We don’t have a clear definition of artificial intelligence, but we have some examples. One is machine translation, the subject of an article in the New York Times Magazine recently, The Great A.I. Awakening by Gideon Lewis-Krause (the”AI Article”). It’s a beautiful piece of science writing. The author had the opportunity to see how employees of Google developed a neural network machine translation system and implemented it. It’s long, but I highly recommend it. Rather than try to summarize it, I will draw out a few points.
The idea of neural net systems was inspired by our current understanding of the way the human brain works. There about 100 billion neurons in the average brain at birth. As we age, connections among neurons increase, so that each can be connected to as many as 10,000 other neurons. Thus, there are trillions of possible connections. Many of these are pruned as we age because they are not used. Many of the remaining connections are used to maintain the body, and to manage specific human processes, like the endocrine system, or to monitor for balance and pain.
One way to think about AI processes is to see them as pattern-matching systems. Until recently we didn’t have the processing power to handle even a tiny fraction of the brain’s connections, so the early efforts at simulating the brain were bound to fail. On the other hand, computers have been used for the purposes of matching patterns in relatively small sets of data. Here’s a technical example. One of the main lessons of the AI Article is that it takes massive amounts of processing power and massive amounts of data to begin to approach the connective power of the brain, Google also needed new mathematical theories to make it possible.
The astonishing thing is that the number of people needed to create those theories and do a preliminary setup is so small: maybe 10 all told. The full implementation required a team of 100 or so. More people were needed to create a new chip and get it working, and to install the new processors into the Google system, but again, the number seems to be in the hundreds, and it isn’t clear that there were that many new jobs.
The task was made easier by the fact that Google had a huge library of documents translated between languages. These served as training materials for the translation project. Google has a huge library of images, youtubes, and other materials suitable for training. There won’t be many jobs created in this area either.
These are two of the categories of new jobs identified by the White House in the report discussed here. There don’t seem to be many new openings in new fields, but who knows. And there is nothing here likely to create jobs for anyone but the most educated people, though, of course, there may be jobs created in related fields.
The new platform created by these small teams can be adapted for many different problems. Doubtless as those ramp up there will be some new jobs, but it seems unlikely that there will be a hiring burst. Instead, we will see a war of dollars as the big tech companies compete world-wide for the top talent. The AI Article says that the Google team includes people from around the world. We get one or two of the personal stories, and they are amazing.
The AI Article gives a good introduction to the way neural networks work. I caution readers that these parts are metaphorical, and it is unlikely to be useful to try to try to reason with those metaphors, either to extend them, or to make predictions about the future. The metaphor is not the thing. It is merely an aid to understanding the thing for those with little or no background. I link to a couple of pieces here that can be used to gain a deeper understanding of neural networks and deep learning.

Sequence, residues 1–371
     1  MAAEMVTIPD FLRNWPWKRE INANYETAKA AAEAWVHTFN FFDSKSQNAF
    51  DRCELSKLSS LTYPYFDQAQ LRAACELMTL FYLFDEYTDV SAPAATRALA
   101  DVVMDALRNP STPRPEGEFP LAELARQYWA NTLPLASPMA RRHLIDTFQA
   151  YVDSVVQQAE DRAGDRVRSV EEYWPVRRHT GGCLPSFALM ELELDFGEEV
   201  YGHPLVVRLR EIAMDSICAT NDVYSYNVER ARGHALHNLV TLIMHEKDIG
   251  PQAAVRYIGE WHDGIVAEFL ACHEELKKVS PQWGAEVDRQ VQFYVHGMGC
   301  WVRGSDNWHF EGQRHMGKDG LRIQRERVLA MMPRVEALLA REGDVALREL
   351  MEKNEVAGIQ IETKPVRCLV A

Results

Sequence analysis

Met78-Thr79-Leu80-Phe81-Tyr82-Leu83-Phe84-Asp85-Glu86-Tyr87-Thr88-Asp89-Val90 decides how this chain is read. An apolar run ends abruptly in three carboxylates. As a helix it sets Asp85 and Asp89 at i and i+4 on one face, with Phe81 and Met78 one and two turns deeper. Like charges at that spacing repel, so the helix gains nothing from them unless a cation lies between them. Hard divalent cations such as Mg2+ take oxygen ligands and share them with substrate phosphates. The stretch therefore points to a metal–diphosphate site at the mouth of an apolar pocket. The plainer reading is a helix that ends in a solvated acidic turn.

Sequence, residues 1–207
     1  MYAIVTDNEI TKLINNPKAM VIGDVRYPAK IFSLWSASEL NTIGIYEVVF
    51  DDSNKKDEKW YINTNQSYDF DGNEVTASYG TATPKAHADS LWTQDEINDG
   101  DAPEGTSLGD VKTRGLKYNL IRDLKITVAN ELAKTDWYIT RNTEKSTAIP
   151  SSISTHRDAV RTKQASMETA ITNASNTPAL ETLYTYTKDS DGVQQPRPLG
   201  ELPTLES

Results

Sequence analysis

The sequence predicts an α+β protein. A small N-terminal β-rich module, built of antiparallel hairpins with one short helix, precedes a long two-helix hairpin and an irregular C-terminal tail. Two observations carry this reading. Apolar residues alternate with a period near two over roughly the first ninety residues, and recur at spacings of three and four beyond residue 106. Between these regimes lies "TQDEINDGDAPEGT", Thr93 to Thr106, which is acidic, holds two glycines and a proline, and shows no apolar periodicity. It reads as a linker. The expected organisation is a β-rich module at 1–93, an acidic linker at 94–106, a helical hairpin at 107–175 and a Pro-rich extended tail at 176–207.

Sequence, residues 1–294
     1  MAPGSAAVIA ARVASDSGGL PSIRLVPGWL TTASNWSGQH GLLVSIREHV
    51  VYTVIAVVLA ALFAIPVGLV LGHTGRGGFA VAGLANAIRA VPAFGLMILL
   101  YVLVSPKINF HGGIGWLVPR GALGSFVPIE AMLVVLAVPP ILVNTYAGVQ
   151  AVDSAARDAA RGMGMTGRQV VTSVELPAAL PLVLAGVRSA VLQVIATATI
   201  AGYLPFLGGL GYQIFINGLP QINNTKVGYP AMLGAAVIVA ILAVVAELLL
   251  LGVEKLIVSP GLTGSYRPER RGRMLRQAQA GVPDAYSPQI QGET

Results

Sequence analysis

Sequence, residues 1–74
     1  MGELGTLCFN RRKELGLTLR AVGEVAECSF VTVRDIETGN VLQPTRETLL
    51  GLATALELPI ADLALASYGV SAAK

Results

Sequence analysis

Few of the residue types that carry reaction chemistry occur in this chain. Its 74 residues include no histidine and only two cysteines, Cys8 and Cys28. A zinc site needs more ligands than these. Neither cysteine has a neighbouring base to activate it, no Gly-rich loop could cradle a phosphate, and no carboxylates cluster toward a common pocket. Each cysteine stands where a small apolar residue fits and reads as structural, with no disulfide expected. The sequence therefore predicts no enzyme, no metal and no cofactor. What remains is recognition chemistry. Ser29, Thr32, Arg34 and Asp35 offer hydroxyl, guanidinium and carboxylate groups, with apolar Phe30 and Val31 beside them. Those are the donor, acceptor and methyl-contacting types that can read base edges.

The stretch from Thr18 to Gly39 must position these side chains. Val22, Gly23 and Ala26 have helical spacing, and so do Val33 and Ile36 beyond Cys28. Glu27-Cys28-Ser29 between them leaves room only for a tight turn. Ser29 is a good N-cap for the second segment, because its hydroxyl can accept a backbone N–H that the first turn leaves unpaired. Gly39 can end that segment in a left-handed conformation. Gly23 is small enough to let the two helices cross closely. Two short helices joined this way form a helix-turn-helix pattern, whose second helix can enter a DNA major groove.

At the end of the AI Article, there is a discussion of two possible ways of understanding consciousness. One view sees consciousness as something special beyond the mere physical actions of the brain. It finds it’s origins in the mind-body dualism of Descartes, and is a disparagingly referred to as The Ghost in the Machine. Religious people might see it as the soul, or the Atman; but I’m not sure that’s right. The other view dissolves this problem, and sees consciousness as an emergent phenomenon that arises from the complexity of the connectivity in the brain. The AI Article doesn’t go into this area in much detail.
And yet the rise of machine learning makes it more difficult for us to carve out a special place for us. If you believe, with Searle, that there is something special about human “insight,” you can draw a clear line that separates the human from the automated. If you agree with Searle’s antagonists, you can’t. It is understandable why so many people cling fast to the former view.
For those interested in pursuing this matter, see Consciousness Explained, by Daniel Dennett. The linked Wikipedia article gives a brief description of the book along with Searle’s objections to it.
I don’t know enough to have an opinion about any of this, but I hope other people are thinking about one aspect of this problem. In Western Liberalism, it is a given that there is something special about human beings, and about each of us individually. I don’t know how much of that arises from Christianity, with its emphasis on the relation between, and the likeness of, each individual to the Creator. There is something bound to be unnerving in the combination of a) the idea that our individual selves are just complications of our individual brains, and b) our increasing ability to model that complication in our electronic gear. I don’t have any immediate apocalyptic idea about this, not least for the reasons in this presentation. But every new idea about human beings has been twisted by despots and demagogues for their own purposes. It’s danagerous to pretend that isn’t going to happen with these ideas.